This article first appeared in the CUFI UK Torch Magazine (Issue 20, Winter 2022). For the latest issue, see here.

In 2021, Israeli paratroopers honoured what would have been the 100th birthday of Hannah Szenes, a Jewish woman who gave her life attempting to save Jews during World War II and whose poetry continues to inspire Israelis today.

Hannah Szenes was born in Hungary in 1921.  At the age of eighteen, she decided to emigrate to what was then the British Mandate for Palestine to study in the Girls’ Agricultural School at Nahalal. Two years later she joined the Haganah, the paramilitary group that laid the foundation of the Israel Defense Forces.

Hannah was a Zionist, whose feelings for Israel were captured in one of her poems.

“There is one place in the world to which you do not escape, nor do you immigrate, you come home – the land of Israel”

During WW2, the Yishuv (the Jewish community in Mandatory Palestine) were burdened with a desire to help Jews in Europe who were being persecuted at the hands of the Nazis. Though they had little in the way of armed forces, the Yishuv made a deal with the British government to send troops behind enemy lines and assist resistance groups in Nazi-occupied Europe.

The Yishuv sought to recruit a small group of trained operatives to carry out the perilous mission, and so began a recruitment drive. Out of 250 candidates, 32 were selected, 29 men and three women, including Hannah Szenes.

Hannah parachuted into Yugoslavia as part of a small team with a mission to assist resistance fighters in Yugoslavia and Hungary. While in Yugoslavia, the Nazis invaded Hungary making the latter part of their mission too dangerous to complete. The rest of her team stayed in Yugoslavia, but Hannah was determined to enter Hungary to find her mother and rescue her fellow Jews. While her bravery was admirable, her decision proved fatal. Shortly after infiltrating into Hungary, Hannah was captured.

Her Hungarian captors discovered her British radio transmitter, which she used to communicate with others in her unit. A code was needed to operate the device and Hannah knew that if she told them, her colleague’s locations would be exposed, and their mission foiled. Hannah was taken to a prison, stripped, tied to a chair, then whipped and clubbed for three days. She was badly injured and lost several teeth due to the beatings, but she never revealed more information than her name.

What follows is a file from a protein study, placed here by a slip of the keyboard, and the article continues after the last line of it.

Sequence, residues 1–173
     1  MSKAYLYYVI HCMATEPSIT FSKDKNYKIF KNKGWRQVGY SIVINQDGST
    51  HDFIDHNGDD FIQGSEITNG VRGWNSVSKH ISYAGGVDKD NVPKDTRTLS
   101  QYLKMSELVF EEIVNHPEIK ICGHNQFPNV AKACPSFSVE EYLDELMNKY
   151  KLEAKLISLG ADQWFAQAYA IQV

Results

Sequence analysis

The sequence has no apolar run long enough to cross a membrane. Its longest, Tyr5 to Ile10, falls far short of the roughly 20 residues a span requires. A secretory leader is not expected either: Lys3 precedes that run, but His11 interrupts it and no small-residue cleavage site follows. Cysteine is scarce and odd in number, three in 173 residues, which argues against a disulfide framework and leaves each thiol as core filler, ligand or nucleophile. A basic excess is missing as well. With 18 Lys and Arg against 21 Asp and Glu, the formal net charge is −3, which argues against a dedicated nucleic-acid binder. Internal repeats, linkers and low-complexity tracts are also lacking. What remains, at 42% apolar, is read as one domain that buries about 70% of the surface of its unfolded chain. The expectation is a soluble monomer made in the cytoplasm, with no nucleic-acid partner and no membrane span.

Two weeks later, on 28 October 1944, Hannah Szenes was tried for treason and executed by firing squad. Despite suffering in brutal conditions, Hannah used her last few weeks on earth to do all she could to resist her captors. She used a mirror to flash morse code signals to other prisoners and communicated using cut-out letters that she placed in her cell window one at a time. She also drew Stars of David in the dust as a symbol of defiance and to encourage other prisoners.

Beyond her heroism, Hannah Szenes was a poet and a playwright who kept a diary until the day she died.

In her final poem, composed moments before her death, she wrote:

I gambled on what 
mattered most,
The dice were cast, I lost.

Hannah’s story is tragic. She died having never fulfilled her mission. Had she stayed home, Hannah would likely have witnessed the rebirth of Israel, which was her greatest desire. However, if she had stayed home, maybe the power of her writing would never have been realised. 

Because of her heroism, her writings became her legacy. Her poems have been turned into songs and her stories have been made into plays; all recited and enjoyed by generations of children growing up in Israel and by Jews around the world.

One of her poems helps demonstrate her impact on the world.

There are stars whose radiance is visible on Earth though they have long been extinct. There are people whose brilliance continues to light the world even though they are no longer among the living. These lights are particularly bright when the night is dark. They light the way for humankind.

Hannah Szenes became one of those stars. Her life has long been extinguished, but her light still shines brightly in the darkness, lighting the way for those who came after her. 

On what would have been Hannah’s 100th Birthday, one hundred Israeli Paratroopers parachuted into Hungary in honour of this great woman and the other brave paratroopers who went behind enemy lines. This anniversary mission was titled “Lightning of the Heavens” in honour Hannah’s most famous poem, and symbolised an important message. 

During World War II, Hitler’s Nazis were formidable. There was little the Jews could do to withstand their threat. The lands that the Nazis occupied became the final resting place for six million Jewish souls, but against all odds the Jewish people survived, and today they are thriving, while the Nazis have been consigned to the graveyard of history.

How moving it must be to witness military aircraft belonging to the State of Israel, the Jewish nation, emblazoned with the Star of David, flying defiantly over the lands once occupied by those who tried to wipe them out.  It is a testament to the miracle of Israel and God’s hand upon the Jewish people. 

One of Hannah’s most famous poems is called Eli, Eli (My God, My God).

My God, My God, I pray that these things never end,
The sand and the sea,
The rustle of the waters,
Lightning of the heavens,
The prayer of man.

Hannah Szenes, like so many others, gave her life so the prayers of the Jewish people could continue. 

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